how much flour your dough will accommodate.
I'm stirring from under and coming over with the flour
just to roll that.
A simple knead, isn't it?
A second cup.
I like to try and get as much flour into the dough
at this stage as I can
because I think it makes it easier to knead
once I have it out.
Mm-hmm, and if you put in too much flour
you could always add a little water.
When you think of it
it just has basic flour and water and salt...
It would make a perfectly nice, just regular bread.
Okay, now I think it's approaching the stage
where I can turn it out.
I'm going to...
I'll get rid of your yeast for you.
a little sprinkle here.
The other very important thing to bread making
is to have a surface that's appropriate for you
that stays still when you move
and that's a good height.
Don't do it on a card table.
Don't do it on a card table.
Yes, all my surfaces were 38 inches.
I know people that might not like that.
Yes, I do, too.
Too bad for them.
Too bad for them.
They have their own.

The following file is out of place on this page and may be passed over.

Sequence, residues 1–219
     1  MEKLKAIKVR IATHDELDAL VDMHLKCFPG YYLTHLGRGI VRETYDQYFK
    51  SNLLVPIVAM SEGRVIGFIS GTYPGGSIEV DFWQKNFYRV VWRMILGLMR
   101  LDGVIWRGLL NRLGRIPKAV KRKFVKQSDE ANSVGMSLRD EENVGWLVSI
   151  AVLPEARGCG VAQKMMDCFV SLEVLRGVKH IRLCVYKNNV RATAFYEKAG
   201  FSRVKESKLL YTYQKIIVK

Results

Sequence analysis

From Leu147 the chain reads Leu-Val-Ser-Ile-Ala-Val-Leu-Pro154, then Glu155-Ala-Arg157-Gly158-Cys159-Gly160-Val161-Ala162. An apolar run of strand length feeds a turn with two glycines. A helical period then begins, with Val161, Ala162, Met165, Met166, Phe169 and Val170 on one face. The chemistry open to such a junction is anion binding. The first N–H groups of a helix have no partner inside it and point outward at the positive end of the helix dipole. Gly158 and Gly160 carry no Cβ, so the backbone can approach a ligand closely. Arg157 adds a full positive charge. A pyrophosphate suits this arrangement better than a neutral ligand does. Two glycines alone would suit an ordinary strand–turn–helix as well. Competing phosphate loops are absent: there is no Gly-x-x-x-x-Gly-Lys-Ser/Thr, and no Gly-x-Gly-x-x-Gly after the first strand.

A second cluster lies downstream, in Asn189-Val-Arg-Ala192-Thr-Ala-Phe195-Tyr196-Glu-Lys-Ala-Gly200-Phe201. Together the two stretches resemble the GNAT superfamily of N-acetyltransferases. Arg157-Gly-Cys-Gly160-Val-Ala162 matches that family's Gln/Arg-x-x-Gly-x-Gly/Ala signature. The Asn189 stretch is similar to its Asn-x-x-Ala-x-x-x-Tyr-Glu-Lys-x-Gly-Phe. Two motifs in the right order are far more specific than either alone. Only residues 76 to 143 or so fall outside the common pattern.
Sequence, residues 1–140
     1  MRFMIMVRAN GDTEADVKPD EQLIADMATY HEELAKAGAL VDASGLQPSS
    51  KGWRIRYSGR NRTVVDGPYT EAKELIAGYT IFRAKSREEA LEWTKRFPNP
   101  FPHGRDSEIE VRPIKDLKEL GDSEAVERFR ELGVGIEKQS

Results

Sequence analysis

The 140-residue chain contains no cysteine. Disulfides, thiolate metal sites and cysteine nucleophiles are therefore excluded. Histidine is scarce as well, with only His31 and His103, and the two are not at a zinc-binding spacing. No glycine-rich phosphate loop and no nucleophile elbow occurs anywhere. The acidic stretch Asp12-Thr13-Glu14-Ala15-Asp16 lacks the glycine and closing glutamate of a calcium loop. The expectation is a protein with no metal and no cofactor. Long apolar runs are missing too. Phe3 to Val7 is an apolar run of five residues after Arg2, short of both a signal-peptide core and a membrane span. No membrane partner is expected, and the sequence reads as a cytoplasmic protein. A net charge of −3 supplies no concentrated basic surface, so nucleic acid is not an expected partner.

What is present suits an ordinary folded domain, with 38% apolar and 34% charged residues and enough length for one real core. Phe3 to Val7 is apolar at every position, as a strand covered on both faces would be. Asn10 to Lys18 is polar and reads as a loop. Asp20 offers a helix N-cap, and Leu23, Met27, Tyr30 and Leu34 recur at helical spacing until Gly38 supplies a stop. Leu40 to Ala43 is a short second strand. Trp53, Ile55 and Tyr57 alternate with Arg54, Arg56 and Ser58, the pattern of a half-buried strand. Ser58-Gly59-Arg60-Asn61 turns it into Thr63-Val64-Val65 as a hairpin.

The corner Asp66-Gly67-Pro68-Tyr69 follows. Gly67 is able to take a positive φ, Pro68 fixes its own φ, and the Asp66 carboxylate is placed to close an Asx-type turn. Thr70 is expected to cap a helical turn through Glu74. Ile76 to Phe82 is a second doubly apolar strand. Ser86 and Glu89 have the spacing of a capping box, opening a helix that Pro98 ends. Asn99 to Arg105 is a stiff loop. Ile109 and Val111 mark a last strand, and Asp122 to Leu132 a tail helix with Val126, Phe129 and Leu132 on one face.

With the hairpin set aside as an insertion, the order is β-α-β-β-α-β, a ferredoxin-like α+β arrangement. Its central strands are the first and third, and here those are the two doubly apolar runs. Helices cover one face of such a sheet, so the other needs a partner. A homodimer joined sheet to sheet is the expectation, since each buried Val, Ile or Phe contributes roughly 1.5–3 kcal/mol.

Here, I'll take it out for you.
Now, just like all doughs, it needs to be kneaded.
Now, it's still...
Still quite rough.
And sticky, yeah.
We're often talking to people who will say
"You know, bread making-- oh, it's too tricky"
or "It's not for me."
And then we realized
well, it's actually kneading
that people are not necessarily comfortable with.
And I think one of the most important things about kneading
is to be comfortable
and to knead with your body rather than your arms
because if you haven't been kneading before
it can be... ten minutes of kneading can be tiring.
And we're going to have ten minutes of kneading?
Well, that's good for your arm.
You get half.
You don't get that flabby upper arm.
Now, I think it's just about a well-kneaded dough.
It looks wonderful.
What do you think?
It certainly, ooh, it feels awfully good.
It has a certain tension to it.
It's smooth on the surface
and a little bit of a sheen on the surface.
And it holds itself.
So now what happens?
So now I'm going to oil the bowl
just a touch of oil.
You don't need much.